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View Diary: Opening the Door (281 comments)

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  •  Gosh (4.00)
    You seem to have decided awfully fast that it is the wingnuts who are being played for fools, and not us.

    In the discussions on stare decisis and other issues, you have often pointed out that this is a political blog, and not a legal one.  Politically, when the other side is gloating about something they think they are getting away with, you probably want to highlight it, whether or not you happen to agree with them from a legal standpoint.

    Unless you have made the decision to go ju-jitsu on us I don't understand what your POLITICAL goal is at this particular moment.

    •  Come on (none)
      Roberts' answer on privacy should NOT make them beam.

      It makes no sense.

      Gosh, if you don't see that, then hw else do you explain Roberts' opening the door.

      With due respect, you cited Confirm Them to give us your reaction. I find that approach to be utter bullshit.

      Chris should note it, but not let that be the basis for his analysis.

      We make our own judgments.

      The SCOTUS is Extraordinary.

      by Armando on Tue Sep 13, 2005 at 08:28:24 AM PDT

      [ Parent ]

      •  My reaction (4.00)
        Well, first, here is how SCOTUSBlog summarizes Roberts' testimony:

        9:52 - Specter asks about Roberts' reference in a memo to the "so-called right to privacy." Roberts - I do believe that the right to privacy is protected in various ways; the 4th A; the 1st A; 3d A; and in addition the Court has over a series of decisions going back 80 years has recognized that it is a component of the liberty protected by the Due Process Clause, not merely procedurally but also as a substantive matter as well.

        Working from that, as opposed to being able to hear the actual testimony, I have two reactions:

        1. Of course there is a "right to privacy" in the sense that, for example, the privacy of your home is protected from unreasonable searches and seizures.  No one denies that.  If I were a total wingnut, my answer would probably sound something like "sure there is a right to privacy, as specifically enumerated in the 1st, 3rd, and 4th amendments," and I would hope everyone just focused on the first part of my answer.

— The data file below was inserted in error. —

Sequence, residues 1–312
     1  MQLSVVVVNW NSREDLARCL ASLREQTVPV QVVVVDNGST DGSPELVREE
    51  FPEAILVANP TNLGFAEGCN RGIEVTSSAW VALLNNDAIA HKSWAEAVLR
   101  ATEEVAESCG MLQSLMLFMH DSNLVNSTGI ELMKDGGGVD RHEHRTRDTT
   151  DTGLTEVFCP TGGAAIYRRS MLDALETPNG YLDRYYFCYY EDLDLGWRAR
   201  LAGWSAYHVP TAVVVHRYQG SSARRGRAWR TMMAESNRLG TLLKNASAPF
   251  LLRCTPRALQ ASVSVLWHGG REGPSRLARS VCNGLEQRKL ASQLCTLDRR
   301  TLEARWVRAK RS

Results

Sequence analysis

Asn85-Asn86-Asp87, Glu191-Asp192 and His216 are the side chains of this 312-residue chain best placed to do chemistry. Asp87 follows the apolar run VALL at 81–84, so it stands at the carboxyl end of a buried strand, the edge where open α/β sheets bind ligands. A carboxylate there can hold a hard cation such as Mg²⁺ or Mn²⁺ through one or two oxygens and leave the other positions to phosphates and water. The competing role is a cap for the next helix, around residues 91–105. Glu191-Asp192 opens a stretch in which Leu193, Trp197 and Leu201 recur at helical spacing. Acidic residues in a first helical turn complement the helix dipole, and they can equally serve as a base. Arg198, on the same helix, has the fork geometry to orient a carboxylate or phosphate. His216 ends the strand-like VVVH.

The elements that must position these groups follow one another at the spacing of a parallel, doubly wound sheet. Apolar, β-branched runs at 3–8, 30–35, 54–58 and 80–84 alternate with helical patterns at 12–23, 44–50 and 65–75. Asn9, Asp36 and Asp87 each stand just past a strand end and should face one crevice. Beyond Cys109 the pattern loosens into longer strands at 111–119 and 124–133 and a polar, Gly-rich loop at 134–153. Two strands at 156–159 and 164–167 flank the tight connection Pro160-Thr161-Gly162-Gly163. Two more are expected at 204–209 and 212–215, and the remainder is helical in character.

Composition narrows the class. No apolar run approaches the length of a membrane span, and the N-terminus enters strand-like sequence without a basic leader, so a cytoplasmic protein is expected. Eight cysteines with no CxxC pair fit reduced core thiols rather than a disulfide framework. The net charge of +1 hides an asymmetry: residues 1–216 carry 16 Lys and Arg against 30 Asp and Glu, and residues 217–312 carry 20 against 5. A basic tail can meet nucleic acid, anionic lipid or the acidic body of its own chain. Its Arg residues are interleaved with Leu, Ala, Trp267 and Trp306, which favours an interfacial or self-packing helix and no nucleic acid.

2. Recognizing that there is an 80-year line of substantive due process cases does not say anything about whether you agree with the rights identified in those cases, or whether you would seek to narrow the scope of substantive due process as a Justice.  Now if he said that he agrees with the substantive due process line of cases, THAT would be newsworthy.

        Ninth Amendment, friends, it's all about the Ninth Amendment.  Saying there is a "right to privacy" is meaningless without some statement of which substantive interests are protected by that right.  If you believe abortion is murder, for example, there's surely no right to murder people in private, so the "right to privacy" would not protect abortion in the slightest.
        •  Damned right it's the ninth amendment (none)
          We need  to follow up on this. He's got to address the ninth amendment privacy rights, or its meaningless.

          Should also address other "unenumerated" rights.

          I like to think of the Republican Party as an Iceberg--large, white, cold-hearted, not too swift, and can't change direction.

          by DyspepTex on Tue Sep 13, 2005 at 08:47:00 AM PDT

          [ Parent ]

    •  I Agree (none)
      Saying that the Court has recognized some right to privacy says nothing about the scope of the right, and no one believes that states want to start regulating marital purchase of contraceptives again.

      What was he going to say, Armando? "I do not believe the Supreme Court has recognized any right to privacy"?

      •  What was he going to say (none)
        The idea of weaseling around it and discussing minutia and running out the clock does not strike you as an alternative?

        And you miss my larger point. He has OPENED THE DOOR.

        The SCOTUS is Extraordinary.

        by Armando on Tue Sep 13, 2005 at 08:31:43 AM PDT

        [ Parent ]

        •  Not really (none)
          Between weaseling around for two days and just restating the basics of Griswold, he took the obvious choice.  

          The door is always open for these questions, Armando -- the Senators can do whatever they want.  I just don't know what you think is going to be revealed here.

    •  As for my political strategy (none)
      my post is title Opening the Door.

      I have a suggested line of questioning.

      How can I make it plainer?

      The SCOTUS is Extraordinary.

      by Armando on Tue Sep 13, 2005 at 08:30:43 AM PDT

      [ Parent ]

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